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The Difference Between Full Day and Sessional Kinder - Little Learners Early Education | South Morang Child Care

As the parent or guardian of a 3-4 year old little learner, selecting the perfect kinder is an immensely consequential task that can have real and lasting impacts on your child’s development. Particularly daunting is the challenge of choosing between a sessional and full-day (or long-day) kindergarten.

Full-Day Kinder

It’s easy to feel pangs of guilt at the thought of ‘abandoning’ your child to the staff at a long-day kindergarten. But the truth is, there are a wealth of benefits to choosing this option over sessional or part-time kindergarten.

Full-day kindergarten requires children to attend for – you guessed it – the full day, just like older children attending school with extramural classes would be required to do, except that it’s tailored for an earlier development phase.

There is ample research suggesting that time spent at full-day kindergarten offers children tremendous and positive academic and socio-emotional development advantages – particularly in the case of children from less advantaged backgrounds.

Long-day care and kinder programs provide children with more time for learning, playing, and interacting with their peers, not to mention taking part in various art, craft, music, and physical education sessions throughout the day.

By offering ample time for diverse activities and interactions, together with scheduled mealtimes and naps, long-day kinder programs help children establish productive full-day routines, instilling stamina and boosting their development in preparation for school.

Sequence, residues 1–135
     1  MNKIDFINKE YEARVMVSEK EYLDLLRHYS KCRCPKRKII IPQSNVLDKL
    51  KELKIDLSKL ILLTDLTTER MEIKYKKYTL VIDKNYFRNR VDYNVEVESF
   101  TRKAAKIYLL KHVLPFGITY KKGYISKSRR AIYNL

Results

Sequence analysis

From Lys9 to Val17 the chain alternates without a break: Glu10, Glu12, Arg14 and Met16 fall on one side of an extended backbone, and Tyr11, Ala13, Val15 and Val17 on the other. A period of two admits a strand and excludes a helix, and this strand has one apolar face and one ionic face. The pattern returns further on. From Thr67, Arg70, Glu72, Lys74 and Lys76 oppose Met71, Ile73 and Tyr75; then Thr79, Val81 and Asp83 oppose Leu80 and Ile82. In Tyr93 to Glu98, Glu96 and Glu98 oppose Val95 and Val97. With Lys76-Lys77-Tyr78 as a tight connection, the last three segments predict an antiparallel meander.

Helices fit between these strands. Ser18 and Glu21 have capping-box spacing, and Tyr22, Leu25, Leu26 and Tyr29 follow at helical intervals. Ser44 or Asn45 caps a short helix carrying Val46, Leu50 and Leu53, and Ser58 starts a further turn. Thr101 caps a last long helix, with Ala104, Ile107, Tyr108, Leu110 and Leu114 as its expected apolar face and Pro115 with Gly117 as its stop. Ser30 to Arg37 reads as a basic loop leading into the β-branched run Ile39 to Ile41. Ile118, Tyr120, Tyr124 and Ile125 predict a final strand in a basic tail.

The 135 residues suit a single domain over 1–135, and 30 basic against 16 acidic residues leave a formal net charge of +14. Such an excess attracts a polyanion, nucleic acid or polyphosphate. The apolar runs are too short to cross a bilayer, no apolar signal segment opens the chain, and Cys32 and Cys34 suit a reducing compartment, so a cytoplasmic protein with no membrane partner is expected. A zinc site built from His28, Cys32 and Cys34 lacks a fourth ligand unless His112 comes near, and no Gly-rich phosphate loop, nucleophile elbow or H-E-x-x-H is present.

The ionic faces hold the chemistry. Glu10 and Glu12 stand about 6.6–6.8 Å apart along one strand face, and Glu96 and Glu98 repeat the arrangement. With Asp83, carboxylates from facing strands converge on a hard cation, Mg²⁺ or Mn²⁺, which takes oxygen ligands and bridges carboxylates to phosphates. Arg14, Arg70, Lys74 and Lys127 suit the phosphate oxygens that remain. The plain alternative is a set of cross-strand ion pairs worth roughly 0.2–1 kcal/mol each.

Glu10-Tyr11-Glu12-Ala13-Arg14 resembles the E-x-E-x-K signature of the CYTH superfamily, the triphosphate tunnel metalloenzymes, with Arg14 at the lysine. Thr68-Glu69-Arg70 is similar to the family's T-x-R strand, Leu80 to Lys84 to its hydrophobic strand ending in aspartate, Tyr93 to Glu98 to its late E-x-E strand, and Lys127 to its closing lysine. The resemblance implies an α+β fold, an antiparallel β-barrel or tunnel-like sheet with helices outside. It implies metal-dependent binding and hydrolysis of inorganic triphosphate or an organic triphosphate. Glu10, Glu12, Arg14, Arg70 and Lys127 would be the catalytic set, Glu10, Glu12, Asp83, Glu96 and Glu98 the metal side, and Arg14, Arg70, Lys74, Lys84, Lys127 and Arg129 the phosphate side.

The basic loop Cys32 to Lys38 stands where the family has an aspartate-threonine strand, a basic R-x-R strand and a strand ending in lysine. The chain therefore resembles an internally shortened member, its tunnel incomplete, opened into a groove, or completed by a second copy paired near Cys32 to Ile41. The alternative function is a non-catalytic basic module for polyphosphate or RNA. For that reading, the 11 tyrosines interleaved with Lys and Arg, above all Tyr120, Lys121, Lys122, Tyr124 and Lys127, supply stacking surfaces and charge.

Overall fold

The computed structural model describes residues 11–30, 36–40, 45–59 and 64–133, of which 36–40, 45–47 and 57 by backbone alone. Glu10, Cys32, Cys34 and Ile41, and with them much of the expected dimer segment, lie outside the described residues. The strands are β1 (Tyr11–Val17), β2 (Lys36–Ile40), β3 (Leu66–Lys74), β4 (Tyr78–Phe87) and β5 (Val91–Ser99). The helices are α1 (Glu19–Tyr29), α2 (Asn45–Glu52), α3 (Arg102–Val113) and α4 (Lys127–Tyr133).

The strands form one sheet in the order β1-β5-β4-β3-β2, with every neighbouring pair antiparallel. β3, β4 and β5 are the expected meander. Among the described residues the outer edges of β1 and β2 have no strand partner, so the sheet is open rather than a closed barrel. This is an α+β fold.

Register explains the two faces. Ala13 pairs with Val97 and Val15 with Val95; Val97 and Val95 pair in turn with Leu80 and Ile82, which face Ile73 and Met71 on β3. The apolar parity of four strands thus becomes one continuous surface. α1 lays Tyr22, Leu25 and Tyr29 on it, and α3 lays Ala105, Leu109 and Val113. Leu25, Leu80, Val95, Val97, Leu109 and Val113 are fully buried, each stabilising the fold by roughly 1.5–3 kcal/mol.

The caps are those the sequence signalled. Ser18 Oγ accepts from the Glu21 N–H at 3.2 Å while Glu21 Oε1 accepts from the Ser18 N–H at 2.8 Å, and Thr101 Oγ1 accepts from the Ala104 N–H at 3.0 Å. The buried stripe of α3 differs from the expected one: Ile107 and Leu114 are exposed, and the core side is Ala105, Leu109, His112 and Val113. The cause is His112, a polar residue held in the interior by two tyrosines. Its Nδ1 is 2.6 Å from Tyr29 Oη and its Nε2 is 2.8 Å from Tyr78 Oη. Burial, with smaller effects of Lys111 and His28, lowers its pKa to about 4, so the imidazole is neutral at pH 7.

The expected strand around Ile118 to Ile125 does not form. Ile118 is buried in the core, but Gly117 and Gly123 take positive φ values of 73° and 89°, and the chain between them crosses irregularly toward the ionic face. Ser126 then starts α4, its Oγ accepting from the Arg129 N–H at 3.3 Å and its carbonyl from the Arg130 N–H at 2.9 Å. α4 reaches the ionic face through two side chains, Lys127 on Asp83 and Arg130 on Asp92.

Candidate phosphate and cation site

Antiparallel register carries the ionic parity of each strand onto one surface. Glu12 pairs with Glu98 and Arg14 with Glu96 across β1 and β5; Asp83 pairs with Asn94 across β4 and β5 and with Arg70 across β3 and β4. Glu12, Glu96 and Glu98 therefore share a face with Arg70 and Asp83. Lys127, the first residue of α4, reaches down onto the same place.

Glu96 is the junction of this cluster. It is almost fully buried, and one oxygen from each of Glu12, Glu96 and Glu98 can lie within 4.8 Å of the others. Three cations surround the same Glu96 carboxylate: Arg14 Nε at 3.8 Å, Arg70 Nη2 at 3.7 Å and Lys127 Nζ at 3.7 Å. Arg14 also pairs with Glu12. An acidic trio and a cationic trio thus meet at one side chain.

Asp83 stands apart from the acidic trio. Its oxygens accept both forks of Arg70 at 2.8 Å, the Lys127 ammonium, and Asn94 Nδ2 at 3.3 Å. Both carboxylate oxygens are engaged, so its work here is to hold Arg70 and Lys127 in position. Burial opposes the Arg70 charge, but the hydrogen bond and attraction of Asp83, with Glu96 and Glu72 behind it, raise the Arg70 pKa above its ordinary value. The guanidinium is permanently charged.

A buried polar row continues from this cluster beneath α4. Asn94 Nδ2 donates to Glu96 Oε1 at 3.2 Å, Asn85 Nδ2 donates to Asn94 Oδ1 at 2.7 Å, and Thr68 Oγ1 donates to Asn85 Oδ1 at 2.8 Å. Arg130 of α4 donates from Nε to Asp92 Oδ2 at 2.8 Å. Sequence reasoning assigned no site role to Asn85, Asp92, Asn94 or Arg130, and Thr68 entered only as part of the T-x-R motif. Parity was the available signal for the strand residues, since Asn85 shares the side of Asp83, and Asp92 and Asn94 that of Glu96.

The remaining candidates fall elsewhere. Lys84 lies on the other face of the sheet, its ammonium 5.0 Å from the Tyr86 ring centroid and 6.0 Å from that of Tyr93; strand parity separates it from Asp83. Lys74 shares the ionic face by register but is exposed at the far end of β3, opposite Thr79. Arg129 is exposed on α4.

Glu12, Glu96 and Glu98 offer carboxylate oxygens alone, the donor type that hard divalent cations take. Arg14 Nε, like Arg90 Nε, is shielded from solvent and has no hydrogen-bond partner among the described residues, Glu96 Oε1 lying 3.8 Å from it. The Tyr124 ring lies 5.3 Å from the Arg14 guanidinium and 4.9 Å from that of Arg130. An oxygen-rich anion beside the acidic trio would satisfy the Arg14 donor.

Sessional Kinder

As you already guessed, sessional kindergartens are designed for children who need care for just a few hours each day (usually 2-4 hours, give or take), and only on certain days or as needed.

While this option may be better suited for parents with flexible schedules or who only work half-days, it’s not necessarily ideal in cases where parents feel that their little one’s aren’t ready for a full-day routine’, and here’s why.

Children who don’t necessarily have special needs, but tend to become reactive when separated from their parents, are the ones who can benefit the most from establishing structured, full-day, parent-free routines in preparation for school.

Likewise, children in this age group, with either sluggish development or socialisation issues, are the perfect candidates for the type of diversified and interactive, play-based learning experiences that full-day kinder offers. However, the decision rests with you.

Weighing the Pros and Cons

At Little Learners Early Education Centre in South Morang, we offer long-day kindergarten programs for up to 12 hours a day, 5 days a week, 52 weeks a year.

Our full-day weekly schedules include all the bells and whistles mentioned above, and welcome children with learning difficulties such as Autism, ADD, and ADHD, as well as children with physical concerns such as diabetes and asthma. Our sessions are fully inclusive, and as activity-diverse, as we can make them in the time allowed.

It’s important to understand that both options have their pros and cons. For example, part-time or sessional kinder may be more appropriate for parents with flexible schedules or part-time jobs; while full-day kinder is ideal for children who lack structure, social skills, or practical confidence.

Luckily, at Little Learners, our full-day options are still available however limited!

In Conclusion

A key piece of advice we offer to parents like you, who’re still weighing these options, is to visit Little Learners along with any other kindergartens facilities you may have in mind.

Speak to the caregivers, teachers, and administrators there, get a feel for the daily schedule and try to sit in on some lesson and play time if you can.

Ultimately, your decision on whether to enroll your child in a sessional kinder or long-day kinder should be based on your child’s unique needs, as well as your family’s schedule and preferences.

Your munchkin may be small but this decision isn’t. Rather, it’s an investment in your child’s future, and it needs to be considered from every angle.

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